Invoice Factoring Explained

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Have you ever wished that you had a solution to a short term cash flow crunch?

Well, today I have a suggestion for you. This is Judi Otton with Growth Cast and we are continuing our series on nontraditional business financing options. Today, I want to talk about invoice factoring. Invoice factoring is something that you may have heard of. You may have had someone try and pitch this to you. I’m going to explain it all today and tell you what to look out for.

So the way that invoice factoring works is, that you have provided a service or delivered some goods to a client and you’ve sent the invoice, and now you’re waiting for them to pay. The factor will come in, the invoice factoring company will come in and they will pay you a good portion, 80% or 90% of that invoice and then they will wait and collect the money from the customer. But now, for every week or month that goes by, they will charge you a percentage. So say they’re charging a percent a week, which is fairly common. If it takes them four weeks to collect that invoice, they will charge you 4% of the total, they’ve already paid you 90%. So they’ll pay you that other 6% when they get paid.

Some things to keep in mind if you’re considering this kind of financing – the invoice factor is going to get in between you and your customers. Your customer is going to pay them directly and sometimes that’s a little bit weird and may look a little odd to your customer. You need to have good invoicing practices. You need to be invoicing regularly and have very descriptive invoices where all the goods and services you’ve provided have been itemized. You need to have been in business for a while, at least a year, and you need to be dealing with other businesses or the government, not individual consumers. You also can’t normally do invoice factoring for those invoices that are really, really late, those customers that have just dragged their feet for 60 or 90 or more days. The factors don’t want those because they’re not likely to get paid in most cases.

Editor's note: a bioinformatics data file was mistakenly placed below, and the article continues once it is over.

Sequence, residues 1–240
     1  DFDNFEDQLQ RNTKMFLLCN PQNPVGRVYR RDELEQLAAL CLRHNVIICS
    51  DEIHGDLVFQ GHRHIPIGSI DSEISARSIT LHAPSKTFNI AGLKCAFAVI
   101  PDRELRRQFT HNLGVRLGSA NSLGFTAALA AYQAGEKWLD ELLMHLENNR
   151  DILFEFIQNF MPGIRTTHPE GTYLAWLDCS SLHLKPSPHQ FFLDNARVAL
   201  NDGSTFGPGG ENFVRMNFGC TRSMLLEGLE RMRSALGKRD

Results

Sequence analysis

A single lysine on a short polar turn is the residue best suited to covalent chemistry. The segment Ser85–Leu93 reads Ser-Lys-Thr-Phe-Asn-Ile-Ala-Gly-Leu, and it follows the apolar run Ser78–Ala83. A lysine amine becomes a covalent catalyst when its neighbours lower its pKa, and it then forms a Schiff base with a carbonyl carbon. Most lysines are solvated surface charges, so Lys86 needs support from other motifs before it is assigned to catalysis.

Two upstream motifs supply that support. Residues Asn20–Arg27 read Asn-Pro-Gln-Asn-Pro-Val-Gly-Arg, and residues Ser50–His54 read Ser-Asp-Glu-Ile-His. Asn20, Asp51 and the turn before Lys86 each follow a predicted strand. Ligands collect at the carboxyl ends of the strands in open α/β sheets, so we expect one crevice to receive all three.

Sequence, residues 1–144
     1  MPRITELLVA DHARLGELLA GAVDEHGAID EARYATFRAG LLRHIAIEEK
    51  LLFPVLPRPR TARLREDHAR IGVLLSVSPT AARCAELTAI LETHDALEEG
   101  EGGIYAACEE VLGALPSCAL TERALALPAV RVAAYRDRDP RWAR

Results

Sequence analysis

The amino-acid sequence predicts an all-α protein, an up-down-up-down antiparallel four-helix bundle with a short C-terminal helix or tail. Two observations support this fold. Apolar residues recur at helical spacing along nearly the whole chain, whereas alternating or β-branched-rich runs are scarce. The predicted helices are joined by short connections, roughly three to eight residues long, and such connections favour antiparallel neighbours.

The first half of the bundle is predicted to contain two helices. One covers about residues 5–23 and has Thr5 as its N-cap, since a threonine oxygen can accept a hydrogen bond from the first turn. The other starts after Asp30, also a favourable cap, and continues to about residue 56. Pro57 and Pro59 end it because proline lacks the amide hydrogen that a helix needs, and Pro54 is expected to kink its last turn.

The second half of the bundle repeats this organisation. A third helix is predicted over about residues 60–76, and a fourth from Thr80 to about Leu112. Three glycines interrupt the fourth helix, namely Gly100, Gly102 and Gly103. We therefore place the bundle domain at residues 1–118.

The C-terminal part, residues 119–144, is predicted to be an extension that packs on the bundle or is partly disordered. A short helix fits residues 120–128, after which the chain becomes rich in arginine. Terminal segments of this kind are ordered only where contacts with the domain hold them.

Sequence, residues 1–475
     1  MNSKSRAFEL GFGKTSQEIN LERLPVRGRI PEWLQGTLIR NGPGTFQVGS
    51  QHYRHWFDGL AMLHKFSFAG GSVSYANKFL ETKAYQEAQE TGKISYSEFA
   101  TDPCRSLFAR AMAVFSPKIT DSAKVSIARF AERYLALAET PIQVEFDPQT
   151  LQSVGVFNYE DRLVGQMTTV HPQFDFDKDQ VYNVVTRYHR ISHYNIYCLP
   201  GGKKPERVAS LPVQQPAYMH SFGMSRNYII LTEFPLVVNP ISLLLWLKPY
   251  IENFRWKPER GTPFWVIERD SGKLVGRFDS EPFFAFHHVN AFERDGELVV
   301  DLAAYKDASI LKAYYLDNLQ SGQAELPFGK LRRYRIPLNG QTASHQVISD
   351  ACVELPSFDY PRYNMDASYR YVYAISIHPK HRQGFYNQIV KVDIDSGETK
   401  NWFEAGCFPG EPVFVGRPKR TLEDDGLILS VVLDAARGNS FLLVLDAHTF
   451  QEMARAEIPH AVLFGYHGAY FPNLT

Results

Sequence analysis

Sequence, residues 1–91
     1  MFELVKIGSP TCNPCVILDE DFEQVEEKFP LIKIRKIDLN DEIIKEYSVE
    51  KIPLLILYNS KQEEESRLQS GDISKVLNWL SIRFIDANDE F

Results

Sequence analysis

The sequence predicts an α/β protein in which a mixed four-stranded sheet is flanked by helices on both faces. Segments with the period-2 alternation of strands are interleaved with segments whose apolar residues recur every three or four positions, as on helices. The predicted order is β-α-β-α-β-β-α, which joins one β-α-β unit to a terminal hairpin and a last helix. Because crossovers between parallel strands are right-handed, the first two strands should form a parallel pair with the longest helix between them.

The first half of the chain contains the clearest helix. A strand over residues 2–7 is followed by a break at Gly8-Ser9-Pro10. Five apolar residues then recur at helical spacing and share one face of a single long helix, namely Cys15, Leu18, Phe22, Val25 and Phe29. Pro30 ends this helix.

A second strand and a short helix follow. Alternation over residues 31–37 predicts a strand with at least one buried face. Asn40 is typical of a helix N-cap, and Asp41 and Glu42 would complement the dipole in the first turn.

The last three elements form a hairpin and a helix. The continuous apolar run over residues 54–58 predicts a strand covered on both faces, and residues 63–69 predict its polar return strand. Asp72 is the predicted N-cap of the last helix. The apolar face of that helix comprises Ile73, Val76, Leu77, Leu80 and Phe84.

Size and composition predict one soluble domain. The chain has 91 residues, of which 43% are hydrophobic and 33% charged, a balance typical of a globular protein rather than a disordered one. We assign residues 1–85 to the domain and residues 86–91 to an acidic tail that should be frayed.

Things to watch out for here – make sure you understand what the charges are going to be and, that you’re ok with that because they can be fairly expensive. Make sure you understand how the company is going to work with your client. If this is something that interests you and some of those things are things you’re concerned about. I actually have a factoring company that is very polite, very kind, and very businesslike when they’re collecting invoices on your behalf. So, reach out and I’m happy to provide an introduction.

I’ll be back next week with a new Fiscal Fitness Tip of the Week and we’ll continue this series on nontraditional business financing.

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